OBJECT: Squamous cell carcinoma (SCC) of the head and neck may involve the carotid artery (CA) in the neck or skull base. Whether tumor resection should be associated with sacrifice of the CA is debatable. METHODS: Records obtained in five consecutive patients (three men, and two women; mean age 58 years, range 47-69 years) treated for recurrent or progressive SCC involving the internal carotid artery (ICA) at the skull base were reviewed retrospectively. The ICA was sacrificed, an extracranial-intracranial (EC-IC) bypass was performed using a saphenous vein graft, and the tumor and involved ICA segment were resected. Gross-total resection of the SCC was achieved in four cases. One patient died of an acute postoperative stroke due to bypass occlusion and did not undergo tumor resection. No other permanent ischemic or neurological deficits were noted. The other four patients died of tumor progression (survival range 2-40 months, mean 14 months). One patient survived for more than 2 years (2-year overall survival rate 20%). Histological tumor invasion of the CA wall was verified in one of the three evaluated specimens. CONCLUSIONS: A high rate of morbidity and mortality is associated with cases in which skull base CA sacrifice and an EC-IC bypass are performed. Not all resected arteries are shown to have malignant infiltration on histological examination. Better preoperative imaging criteria are needed to define malignant infiltration of the ICA at the skull base. Chemotherapy and radiotherapy without aggressive tumor resection may be an option for these patients.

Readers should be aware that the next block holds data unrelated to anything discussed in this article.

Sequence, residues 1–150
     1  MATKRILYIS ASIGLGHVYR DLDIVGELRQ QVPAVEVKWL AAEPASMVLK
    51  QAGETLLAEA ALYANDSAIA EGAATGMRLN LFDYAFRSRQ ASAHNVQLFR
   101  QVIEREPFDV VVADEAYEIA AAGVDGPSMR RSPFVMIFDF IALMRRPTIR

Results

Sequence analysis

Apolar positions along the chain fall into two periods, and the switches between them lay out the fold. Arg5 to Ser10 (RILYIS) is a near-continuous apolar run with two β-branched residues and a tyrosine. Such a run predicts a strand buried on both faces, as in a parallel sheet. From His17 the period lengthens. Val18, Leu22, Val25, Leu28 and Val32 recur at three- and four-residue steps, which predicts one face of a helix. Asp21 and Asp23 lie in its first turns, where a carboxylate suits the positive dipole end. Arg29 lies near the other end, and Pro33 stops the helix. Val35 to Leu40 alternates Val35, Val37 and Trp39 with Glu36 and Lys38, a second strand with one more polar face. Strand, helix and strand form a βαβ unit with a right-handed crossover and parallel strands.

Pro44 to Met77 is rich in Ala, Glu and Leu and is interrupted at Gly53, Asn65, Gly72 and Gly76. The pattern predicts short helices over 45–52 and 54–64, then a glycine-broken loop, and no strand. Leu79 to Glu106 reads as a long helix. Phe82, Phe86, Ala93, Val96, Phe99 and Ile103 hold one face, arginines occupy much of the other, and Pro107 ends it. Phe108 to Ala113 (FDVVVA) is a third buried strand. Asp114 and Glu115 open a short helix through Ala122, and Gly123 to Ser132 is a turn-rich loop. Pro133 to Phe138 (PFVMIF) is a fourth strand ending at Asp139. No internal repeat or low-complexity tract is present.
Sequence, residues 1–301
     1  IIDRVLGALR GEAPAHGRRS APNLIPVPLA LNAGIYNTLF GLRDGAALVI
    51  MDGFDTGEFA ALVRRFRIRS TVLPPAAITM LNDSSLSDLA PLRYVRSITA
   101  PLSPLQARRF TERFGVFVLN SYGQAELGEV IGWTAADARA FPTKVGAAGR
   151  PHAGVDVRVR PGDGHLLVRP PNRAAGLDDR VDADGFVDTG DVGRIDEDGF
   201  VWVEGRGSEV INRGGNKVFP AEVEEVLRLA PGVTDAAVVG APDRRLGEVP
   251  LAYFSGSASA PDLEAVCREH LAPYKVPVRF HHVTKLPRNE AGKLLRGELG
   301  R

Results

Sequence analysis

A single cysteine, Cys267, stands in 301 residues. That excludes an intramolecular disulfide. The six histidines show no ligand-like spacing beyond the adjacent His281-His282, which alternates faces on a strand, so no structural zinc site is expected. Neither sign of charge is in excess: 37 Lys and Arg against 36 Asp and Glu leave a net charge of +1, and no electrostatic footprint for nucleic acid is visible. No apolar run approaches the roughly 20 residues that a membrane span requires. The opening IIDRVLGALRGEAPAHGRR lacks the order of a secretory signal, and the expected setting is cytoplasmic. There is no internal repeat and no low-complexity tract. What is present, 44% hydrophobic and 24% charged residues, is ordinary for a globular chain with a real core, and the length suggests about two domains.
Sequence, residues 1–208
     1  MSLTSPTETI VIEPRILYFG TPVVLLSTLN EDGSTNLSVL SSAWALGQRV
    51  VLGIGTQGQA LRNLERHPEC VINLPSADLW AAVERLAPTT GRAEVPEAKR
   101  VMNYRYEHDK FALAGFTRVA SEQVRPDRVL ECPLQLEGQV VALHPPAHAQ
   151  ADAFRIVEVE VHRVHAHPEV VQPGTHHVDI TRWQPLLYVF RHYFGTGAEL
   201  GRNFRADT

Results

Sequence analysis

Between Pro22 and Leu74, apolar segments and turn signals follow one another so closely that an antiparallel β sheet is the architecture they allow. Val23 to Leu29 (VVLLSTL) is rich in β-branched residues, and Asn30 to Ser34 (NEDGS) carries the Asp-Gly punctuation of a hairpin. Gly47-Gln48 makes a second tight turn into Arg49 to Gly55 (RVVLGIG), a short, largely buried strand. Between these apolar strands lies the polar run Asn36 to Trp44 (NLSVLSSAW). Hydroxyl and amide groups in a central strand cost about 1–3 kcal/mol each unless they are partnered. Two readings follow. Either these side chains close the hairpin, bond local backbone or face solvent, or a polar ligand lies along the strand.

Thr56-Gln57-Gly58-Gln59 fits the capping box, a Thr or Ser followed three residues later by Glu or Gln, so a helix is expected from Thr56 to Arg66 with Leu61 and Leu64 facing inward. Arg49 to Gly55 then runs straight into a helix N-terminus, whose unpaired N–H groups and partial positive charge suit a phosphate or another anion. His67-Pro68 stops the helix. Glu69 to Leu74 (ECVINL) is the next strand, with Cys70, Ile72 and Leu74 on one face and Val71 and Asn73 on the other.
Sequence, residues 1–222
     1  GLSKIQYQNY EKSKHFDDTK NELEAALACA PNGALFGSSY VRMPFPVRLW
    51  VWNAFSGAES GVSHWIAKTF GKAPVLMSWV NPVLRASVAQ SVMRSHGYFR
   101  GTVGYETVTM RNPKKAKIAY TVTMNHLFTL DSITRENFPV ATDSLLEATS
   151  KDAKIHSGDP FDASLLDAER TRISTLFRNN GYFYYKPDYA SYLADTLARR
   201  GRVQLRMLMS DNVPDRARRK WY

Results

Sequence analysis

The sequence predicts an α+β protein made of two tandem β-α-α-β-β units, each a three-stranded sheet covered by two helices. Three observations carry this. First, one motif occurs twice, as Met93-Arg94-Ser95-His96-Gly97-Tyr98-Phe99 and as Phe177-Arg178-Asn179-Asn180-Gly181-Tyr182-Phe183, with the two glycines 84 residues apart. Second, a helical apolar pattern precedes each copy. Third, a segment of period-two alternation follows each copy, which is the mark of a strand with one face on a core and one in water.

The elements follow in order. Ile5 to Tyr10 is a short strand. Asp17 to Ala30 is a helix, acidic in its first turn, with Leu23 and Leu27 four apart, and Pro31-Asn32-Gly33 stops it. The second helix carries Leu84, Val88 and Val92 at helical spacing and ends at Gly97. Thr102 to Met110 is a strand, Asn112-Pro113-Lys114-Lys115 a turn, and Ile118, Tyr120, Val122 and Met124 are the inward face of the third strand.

ASJC Scopus subject areas
- Clinical Neurology